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Asset Pricing in a General Equilibrium Production Economy with Chew-Dekel Risk Preferences

Author

Listed:
  • Claudio Campanale

    () (Universidad de Alicante)

  • Gian Luca Clementi

    () (New York University)

  • Rui Castro

    () (Université de Montréal)

Abstract

In this paper we provide a thorough characterization of the asset returns implied by a simple general equilibrium production economy with convex investment adjustment costs. When households have Epstein-Zin preferences, there exist plausible parametervalues such that the model generates unconditional mean risk--free rate and equity return, and volatility of consumption growth, which are in line with historical averages for the US economy. Consistently with the data, the model's implied price--dividendratio is pro-cyclical and stock returns are predictable (and increasingly so as the time horizon increases), while dividend growth is not. The model also implies realistic values for (i) the correlation of the risk--free rate with output growth and consumption growth and (ii) the correlation pattern between risk--free rate, equity return, and equity premium. The risk implied by the model is rather low. At the modal state of nature, an individual that expects to consume for 100,000 dollars a year faces a lottery over future consumption with a standard deviation of 55 dollars (per quarter). Her risk aversion is such that she's willing to pay 1 dollar (per quarter) in order to avoid that lottery. Very similar results can be obtained assuming that agents are disappointment averse in the sense of Gul (1991). With such risk preferences, the universality requirement is not a problem to the extent that it is in the case of expected utility. In fact, faced with a lottery that has a coefficient of variation 100 times as large as that implied by our model, a disappointment averse agent displays the same relative risk aversion as an expected utility agent with logarithmic utility!

Suggested Citation

  • Claudio Campanale & Gian Luca Clementi & Rui Castro, 2008. "Asset Pricing in a General Equilibrium Production Economy with Chew-Dekel Risk Preferences," Working Papers. Serie AD 2008-14, Instituto Valenciano de Investigaciones Económicas, S.A. (Ivie).
  • Handle: RePEc:ivi:wpasad:2008-14
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    References listed on IDEAS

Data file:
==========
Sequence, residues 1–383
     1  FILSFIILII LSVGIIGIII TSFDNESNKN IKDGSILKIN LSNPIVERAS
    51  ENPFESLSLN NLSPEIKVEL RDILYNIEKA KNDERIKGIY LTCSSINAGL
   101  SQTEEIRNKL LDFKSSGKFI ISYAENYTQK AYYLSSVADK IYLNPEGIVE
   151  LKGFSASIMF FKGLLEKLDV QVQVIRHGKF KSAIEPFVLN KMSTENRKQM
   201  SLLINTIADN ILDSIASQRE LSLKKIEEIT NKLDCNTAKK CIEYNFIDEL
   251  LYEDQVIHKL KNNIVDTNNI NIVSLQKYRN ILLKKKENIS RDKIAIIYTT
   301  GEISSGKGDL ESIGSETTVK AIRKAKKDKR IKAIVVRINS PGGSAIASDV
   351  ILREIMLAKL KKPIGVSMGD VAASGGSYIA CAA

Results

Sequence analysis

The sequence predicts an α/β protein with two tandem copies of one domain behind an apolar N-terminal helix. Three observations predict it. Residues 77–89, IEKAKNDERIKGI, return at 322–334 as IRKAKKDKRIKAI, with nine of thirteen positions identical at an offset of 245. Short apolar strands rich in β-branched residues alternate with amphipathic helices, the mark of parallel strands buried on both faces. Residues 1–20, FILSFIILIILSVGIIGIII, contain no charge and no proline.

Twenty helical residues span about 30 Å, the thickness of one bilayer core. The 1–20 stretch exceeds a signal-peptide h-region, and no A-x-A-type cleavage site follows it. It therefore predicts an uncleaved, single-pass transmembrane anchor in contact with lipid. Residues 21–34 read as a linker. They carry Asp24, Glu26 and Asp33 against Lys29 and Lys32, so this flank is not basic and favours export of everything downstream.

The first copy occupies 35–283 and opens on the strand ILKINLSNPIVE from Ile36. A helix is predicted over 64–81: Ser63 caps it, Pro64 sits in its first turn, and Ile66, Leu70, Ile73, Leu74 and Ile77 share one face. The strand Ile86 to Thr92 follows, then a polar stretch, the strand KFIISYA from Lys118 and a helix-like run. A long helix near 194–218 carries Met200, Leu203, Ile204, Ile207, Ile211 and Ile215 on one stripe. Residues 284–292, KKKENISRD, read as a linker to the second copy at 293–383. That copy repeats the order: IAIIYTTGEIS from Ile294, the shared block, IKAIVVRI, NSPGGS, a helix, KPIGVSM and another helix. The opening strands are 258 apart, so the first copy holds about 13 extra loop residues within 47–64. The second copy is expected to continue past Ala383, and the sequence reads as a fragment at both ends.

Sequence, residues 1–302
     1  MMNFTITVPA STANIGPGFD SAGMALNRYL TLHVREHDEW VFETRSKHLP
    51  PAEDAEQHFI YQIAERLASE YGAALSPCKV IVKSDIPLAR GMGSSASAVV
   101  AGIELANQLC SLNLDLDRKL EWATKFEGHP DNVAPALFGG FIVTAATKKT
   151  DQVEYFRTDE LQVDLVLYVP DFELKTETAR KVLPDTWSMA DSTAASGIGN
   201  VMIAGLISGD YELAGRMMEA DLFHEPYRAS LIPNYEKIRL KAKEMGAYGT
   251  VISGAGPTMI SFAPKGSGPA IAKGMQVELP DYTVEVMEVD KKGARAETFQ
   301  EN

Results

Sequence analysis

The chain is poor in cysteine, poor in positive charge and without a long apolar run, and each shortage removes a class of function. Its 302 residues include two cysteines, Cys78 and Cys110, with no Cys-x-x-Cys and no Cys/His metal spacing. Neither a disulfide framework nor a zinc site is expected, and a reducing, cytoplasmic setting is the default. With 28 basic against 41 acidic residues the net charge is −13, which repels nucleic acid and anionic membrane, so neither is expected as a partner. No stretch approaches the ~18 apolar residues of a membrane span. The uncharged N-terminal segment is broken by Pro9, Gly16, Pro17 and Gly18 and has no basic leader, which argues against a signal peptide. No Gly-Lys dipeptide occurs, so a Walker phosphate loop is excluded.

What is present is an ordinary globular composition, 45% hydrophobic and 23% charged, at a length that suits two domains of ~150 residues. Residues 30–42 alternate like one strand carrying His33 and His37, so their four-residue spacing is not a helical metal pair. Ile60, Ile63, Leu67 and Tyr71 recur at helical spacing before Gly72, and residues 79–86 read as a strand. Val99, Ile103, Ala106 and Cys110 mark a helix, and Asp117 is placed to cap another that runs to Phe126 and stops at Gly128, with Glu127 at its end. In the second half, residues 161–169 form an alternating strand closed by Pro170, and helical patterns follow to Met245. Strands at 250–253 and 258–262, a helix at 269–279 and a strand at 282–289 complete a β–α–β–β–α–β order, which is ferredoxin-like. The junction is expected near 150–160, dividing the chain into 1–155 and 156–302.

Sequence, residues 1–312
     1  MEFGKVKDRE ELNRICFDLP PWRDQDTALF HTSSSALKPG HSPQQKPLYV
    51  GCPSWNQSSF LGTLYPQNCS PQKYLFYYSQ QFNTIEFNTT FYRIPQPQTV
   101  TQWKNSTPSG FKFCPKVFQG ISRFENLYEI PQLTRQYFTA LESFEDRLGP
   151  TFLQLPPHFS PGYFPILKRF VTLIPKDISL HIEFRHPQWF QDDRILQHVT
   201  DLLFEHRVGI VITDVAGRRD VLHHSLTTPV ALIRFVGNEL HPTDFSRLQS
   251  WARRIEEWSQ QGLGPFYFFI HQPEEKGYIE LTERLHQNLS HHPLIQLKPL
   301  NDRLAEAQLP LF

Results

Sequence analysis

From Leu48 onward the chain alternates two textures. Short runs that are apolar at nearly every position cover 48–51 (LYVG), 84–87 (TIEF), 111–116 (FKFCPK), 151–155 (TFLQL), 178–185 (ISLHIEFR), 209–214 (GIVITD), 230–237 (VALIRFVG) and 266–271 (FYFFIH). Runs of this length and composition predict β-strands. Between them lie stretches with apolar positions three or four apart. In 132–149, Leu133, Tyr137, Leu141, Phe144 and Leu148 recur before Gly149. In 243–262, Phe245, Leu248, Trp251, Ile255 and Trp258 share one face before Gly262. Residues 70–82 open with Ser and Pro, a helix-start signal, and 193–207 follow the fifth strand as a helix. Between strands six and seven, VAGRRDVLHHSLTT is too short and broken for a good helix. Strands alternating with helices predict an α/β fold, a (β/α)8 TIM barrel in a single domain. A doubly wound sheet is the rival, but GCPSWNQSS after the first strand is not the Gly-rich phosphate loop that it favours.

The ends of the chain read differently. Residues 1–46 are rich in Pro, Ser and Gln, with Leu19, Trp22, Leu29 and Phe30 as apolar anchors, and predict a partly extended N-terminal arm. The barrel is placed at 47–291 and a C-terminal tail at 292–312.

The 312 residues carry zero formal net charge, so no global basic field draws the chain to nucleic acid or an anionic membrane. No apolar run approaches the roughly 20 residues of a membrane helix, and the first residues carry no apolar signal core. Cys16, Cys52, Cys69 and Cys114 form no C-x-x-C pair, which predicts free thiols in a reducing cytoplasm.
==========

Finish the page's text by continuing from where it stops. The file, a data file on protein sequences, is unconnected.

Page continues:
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    Cited by:

    1. François Gourio, 2013. "Credit Risk and Disaster Risk," American Economic Journal: Macroeconomics, American Economic Association, vol. 5(3), pages 1-34, July.
    2. Francois Gourio, 2012. "Disaster Risk and Business Cycles," American Economic Review, American Economic Association, vol. 102(6), pages 2734-2766, October.
    3. Thien Nguyen & Steve Raymond & Lukas Schmid & Mariano Croce, 2016. "Government Debt and the Returns to Innovation," 2016 Meeting Papers 1443, Society for Economic Dynamics.
    4. Xiaohong Chen & Jack Favilukis & Sydney C. Ludvigson, 2013. "An estimation of economic models with recursive preferences," Quantitative Economics, Econometric Society, vol. 4(1), pages 39-83, March.
    5. Claudio Campanale, 2009. "Learning, Ambiguity and Life-Cycle Portfolio Allocation," 2009 Meeting Papers 38, Society for Economic Dynamics.
    6. Ralph S.J. Koijen & Jules H. van Binsbergen & Juan F. Rubio-Ramírez & Jesus Fernandez-Villaverde, 2008. "Likelihood Estimation of DSGE Models with Epstein-Zin Preferences," 2008 Meeting Papers 1099, Society for Economic Dynamics.

    More about this item

    Keywords

    Equity Premium; Business Cycle; Predictability; Disappointment Aversion.;

    JEL classification:

    • D81 - Microeconomics - - Information, Knowledge, and Uncertainty - - - Criteria for Decision-Making under Risk and Uncertainty
    • E32 - Macroeconomics and Monetary Economics - - Prices, Business Fluctuations, and Cycles - - - Business Fluctuations; Cycles
    • E43 - Macroeconomics and Monetary Economics - - Money and Interest Rates - - - Interest Rates: Determination, Term Structure, and Effects
    • E44 - Macroeconomics and Monetary Economics - - Money and Interest Rates - - - Financial Markets and the Macroeconomy
    • G12 - Financial Economics - - General Financial Markets - - - Asset Pricing; Trading Volume; Bond Interest Rates

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